There are over 2,500 metres of climb on this ride and I reckon we have done half of it before we reach Hemsworthy Gate. Once there it’s mostly down hill to Ashburton with the promise of delicious hot soup – and I can finally use my tt bars to good effect. But progress is hampered by the amount of water coming off the moors – the roads are quite literally rivers and, were the water gathers, the pools can be deep. We have sufficient speed to unclip and keep our feet dry, conscious that it could all go badly wrong if we encounter a submerged pothole! My feet are dry until, not far the control, we encounter a pond so large we are forced to pedal! Everyone now has wet feet for the lunch stop.
After lunch we continue to make steady progress but I’m a little surprised when my riding buddy dismounts for the climb out of Holne. And I don’t see him again. The relentless climbing makes cramping a constant problem and the Devil takes another victim! The triple groupset is a godsend!
I’m riding on my own now and as I near Princetown the skies begin to darken. At Foxes Cafe it’s spotting with rain as I see Paul setting off. I hope to catch him for the final run in to home and make my stop brief- just time to fill water bottles, don inspection gloves under my mits, put my fluorescent gilet on and eat a “Marathon” bar. Even in those ten minutes I’ve cooled enough to feel chilled heading back down the hill – and it is properly raining now. For the first time ever I’m looking forward to the long haul out of Postbridge to get fully warmed up again! I don’t see Paul and check to see if there is a bike leaning against the “Warren House Inn” – I’m very tempted to have a look inside but I know the roaring fire will weaken what little resolve I have – so I press on. At Jurston Cross I hook up again with a rider we lost contact with earlier in the day when we absent mindedly missed a turning after North Bovey and ended up at the Kestle Inn, the eventual finish. ( I forgot to mention those extra kms and the consequent climb back up! ) It was good having company again. It is the homeward stretch but we still have one more challenge – the brutal climb out of Widecombe. I drop into the lowest gear immediately so that I don’t allow myself any fanciful ideas that I can reduce the pain on the climb. It is what it is. Half way up my new buddy dismounts with cramp but my pace is so slow he catches me before we finally crest the top. And that is it! The instructions say we could take the longer “scenic” route through Haytor Vale or the quicker route, part of which we rode in the morning. It’s not a difficult question to answer in the driving rain.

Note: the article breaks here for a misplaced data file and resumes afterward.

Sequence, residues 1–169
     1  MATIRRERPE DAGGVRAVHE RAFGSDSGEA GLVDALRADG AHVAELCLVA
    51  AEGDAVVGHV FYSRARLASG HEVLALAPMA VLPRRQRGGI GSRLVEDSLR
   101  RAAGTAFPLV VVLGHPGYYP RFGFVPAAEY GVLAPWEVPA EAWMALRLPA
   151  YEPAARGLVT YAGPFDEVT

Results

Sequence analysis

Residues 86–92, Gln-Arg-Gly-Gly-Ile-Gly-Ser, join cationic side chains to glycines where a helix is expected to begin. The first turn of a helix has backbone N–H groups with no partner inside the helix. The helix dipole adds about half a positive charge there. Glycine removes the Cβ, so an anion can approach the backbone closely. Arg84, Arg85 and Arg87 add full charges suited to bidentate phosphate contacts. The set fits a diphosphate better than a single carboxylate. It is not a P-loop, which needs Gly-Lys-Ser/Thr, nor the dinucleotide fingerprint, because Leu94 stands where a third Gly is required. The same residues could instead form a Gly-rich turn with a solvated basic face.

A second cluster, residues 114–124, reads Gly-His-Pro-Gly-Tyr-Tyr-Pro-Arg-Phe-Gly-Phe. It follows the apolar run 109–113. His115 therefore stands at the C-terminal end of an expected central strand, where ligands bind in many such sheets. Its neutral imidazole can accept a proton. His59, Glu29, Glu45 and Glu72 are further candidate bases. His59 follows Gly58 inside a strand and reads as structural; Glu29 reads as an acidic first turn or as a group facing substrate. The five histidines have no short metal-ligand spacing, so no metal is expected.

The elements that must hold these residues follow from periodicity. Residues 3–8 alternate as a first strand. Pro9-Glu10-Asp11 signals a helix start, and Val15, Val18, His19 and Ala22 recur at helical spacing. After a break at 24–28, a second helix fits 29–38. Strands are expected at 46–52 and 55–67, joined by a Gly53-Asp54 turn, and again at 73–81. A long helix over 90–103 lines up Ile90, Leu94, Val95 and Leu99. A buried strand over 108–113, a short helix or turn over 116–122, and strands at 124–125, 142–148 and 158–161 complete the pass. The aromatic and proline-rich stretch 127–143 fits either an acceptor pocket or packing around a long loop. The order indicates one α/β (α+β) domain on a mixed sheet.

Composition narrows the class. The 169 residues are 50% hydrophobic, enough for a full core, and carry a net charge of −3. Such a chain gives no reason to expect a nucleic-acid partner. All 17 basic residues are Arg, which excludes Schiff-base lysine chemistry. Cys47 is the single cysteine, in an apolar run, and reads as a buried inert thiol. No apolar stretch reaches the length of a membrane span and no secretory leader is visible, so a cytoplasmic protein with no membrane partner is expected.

The pub is a welcome sight but I can barely hold a pen my hands are now so cold ( I must remember to sign brevet cards at the beginning in future! ) I ask after Paul but he’s not yet back. Somewhere on the ride back I must have missed him. I go to the toilets and make good use of hot water and the hand dryer after removing my sodden jersey and base layer. I change into my dry kit and have a shell jacket and some thick gloves for the short ride back to the car. I’ve stopped shivering ( a little ) and order the roast from the carvery – a delicious meal that is washed down with a pint. Another rider joins me and we reflect on the day – he had ridden the Devil a staggering nine times! It must all have taken longer than expected as, when I leave, I discover that Paul has since been and gone.
The ride back to Bovey is mostly downhill and I almost enjoy it. But it’s good to be back at the car and have a proper change of clothing and the promise of some real heat! Driving home I’m able to reflect on what a wonderful day it has been – and I’m pleased I prepared so well for it.
Falmouth Wheelers “never regret going”!